• Being place based: Projects should have a defined contiguous geographic area that is small enough that the plan of action/interventions can have a significant impact on the population (5,000 minimum).
  • Using local assessments: In the first grant, each zone was supposed to develop a local community needs assessment to establish baseline conditions and inform subsequent action.
  • Highlighting assets and resources: Each zone is using community asset mapping and tools to assess community readiness.
  • Using the Collective Impact Framework: This framework is used to identify a backbone organization and engage various stakeholders to collectively focus and “move the needle” for a specific desired outcome.
  • Facilitating meaningful engagement: Partnerships have been made with key stakeholders from the local housing authority, local education agency, City Hall, Federally Qualified Health Centers and community mental health centers, community-based organizations, residents, youth organizations, and others.
  • Seeking sustainability: RIDOH funds are leveraged to secure additional funds from local banks, foundations, hospitals, and others for sustained implementation.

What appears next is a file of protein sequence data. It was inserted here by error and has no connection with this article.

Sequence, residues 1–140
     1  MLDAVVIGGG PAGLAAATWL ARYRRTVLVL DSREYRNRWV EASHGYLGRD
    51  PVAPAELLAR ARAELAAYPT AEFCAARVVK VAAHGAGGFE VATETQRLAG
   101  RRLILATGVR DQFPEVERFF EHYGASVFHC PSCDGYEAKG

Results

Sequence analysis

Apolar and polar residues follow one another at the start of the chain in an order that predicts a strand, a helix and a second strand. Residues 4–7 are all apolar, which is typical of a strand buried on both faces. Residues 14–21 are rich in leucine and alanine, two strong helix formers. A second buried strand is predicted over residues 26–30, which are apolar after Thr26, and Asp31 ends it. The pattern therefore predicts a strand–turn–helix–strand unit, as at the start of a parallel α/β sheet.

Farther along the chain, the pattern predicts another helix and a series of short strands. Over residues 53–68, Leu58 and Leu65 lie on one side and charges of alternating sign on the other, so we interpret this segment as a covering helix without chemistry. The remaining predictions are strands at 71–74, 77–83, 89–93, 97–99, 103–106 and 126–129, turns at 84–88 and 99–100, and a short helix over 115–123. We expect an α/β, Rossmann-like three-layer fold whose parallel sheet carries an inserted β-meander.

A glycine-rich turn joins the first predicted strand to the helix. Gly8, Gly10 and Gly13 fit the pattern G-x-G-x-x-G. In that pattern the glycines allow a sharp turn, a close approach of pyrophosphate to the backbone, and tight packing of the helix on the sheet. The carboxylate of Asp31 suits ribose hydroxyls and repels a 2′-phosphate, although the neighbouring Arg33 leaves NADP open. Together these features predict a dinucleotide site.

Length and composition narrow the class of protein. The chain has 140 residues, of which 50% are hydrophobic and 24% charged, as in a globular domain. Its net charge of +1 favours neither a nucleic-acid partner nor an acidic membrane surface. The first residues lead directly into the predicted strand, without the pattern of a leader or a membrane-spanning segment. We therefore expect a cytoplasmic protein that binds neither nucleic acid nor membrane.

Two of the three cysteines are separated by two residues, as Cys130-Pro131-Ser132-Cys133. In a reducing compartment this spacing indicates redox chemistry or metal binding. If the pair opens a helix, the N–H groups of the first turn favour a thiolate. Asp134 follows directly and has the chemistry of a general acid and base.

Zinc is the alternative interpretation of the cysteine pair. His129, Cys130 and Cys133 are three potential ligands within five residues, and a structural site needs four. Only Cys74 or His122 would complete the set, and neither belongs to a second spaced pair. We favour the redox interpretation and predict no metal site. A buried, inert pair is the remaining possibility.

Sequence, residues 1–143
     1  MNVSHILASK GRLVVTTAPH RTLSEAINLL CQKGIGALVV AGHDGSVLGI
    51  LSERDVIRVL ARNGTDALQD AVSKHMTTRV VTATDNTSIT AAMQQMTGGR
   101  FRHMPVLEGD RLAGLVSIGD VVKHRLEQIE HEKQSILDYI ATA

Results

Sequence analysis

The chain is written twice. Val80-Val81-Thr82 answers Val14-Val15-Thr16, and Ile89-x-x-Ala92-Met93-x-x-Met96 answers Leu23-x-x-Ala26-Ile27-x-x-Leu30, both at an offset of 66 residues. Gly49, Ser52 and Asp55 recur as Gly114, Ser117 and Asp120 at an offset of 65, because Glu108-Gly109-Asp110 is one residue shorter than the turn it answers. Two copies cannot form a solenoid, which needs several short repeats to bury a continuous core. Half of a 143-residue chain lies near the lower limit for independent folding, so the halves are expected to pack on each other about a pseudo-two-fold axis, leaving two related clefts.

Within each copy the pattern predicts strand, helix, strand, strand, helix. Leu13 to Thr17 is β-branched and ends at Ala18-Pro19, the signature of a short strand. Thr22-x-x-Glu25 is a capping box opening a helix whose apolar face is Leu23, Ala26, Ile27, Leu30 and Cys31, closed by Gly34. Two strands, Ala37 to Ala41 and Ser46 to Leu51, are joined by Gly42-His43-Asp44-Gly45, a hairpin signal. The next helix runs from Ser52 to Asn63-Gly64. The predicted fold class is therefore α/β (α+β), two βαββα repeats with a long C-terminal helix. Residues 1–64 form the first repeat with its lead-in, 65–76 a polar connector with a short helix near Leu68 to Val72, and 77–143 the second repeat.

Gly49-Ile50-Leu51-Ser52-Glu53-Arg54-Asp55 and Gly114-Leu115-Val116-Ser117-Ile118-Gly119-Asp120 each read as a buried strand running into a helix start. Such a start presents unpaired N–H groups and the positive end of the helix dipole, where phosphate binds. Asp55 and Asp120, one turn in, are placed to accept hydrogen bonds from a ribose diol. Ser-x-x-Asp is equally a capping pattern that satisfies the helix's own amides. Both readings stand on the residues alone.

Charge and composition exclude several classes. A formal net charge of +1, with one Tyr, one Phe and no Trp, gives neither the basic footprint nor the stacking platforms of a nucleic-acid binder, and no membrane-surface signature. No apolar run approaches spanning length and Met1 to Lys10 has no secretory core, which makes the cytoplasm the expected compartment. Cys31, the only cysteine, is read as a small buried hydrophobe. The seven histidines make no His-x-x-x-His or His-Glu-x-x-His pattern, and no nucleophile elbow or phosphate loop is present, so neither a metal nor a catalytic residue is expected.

Using these guiding principles and goals, RIDOH developed 10 Health Equity Zones in 2015 with the vision of creating strong community partnerships that are led and supported by residents and stakeholders of the communities in which they operate. RIDOH has provided approximately $10 million in funding to community partners to address their most pressing needs. This community-led framework drives the success of the Health Equity Zone initiative as it puts the necessary power and resources into the hands of the residents and leaders who live, work, and play in those communities.

Health Equity Zone funding requires internal staff work and learning

RIDOH braided resources from multiple grants and programs to support the Health Equity Zone initiative instead of creating a new discretionary fund. This has created some significant opportunities and challenges as the Health Equity Zone initiative has rolled out. One of the primary challenges for RIDOH has been balancing the needs of the community with the needs of the categorical funding. Each of the funding streams came with its own requirements, and it has taken significant work and communication to figure out how to fund, support, and staff the Health Equity Zone work in a way that is respectful of the vision of community-led impact that is at the core of its framework. One staff person noted, “We acknowledge that sometimes we get it wrong and we have to change it. We need to be transparent that we are not just giving money freely to communities, but rather trying to leverage the resources to improve specific conditions.”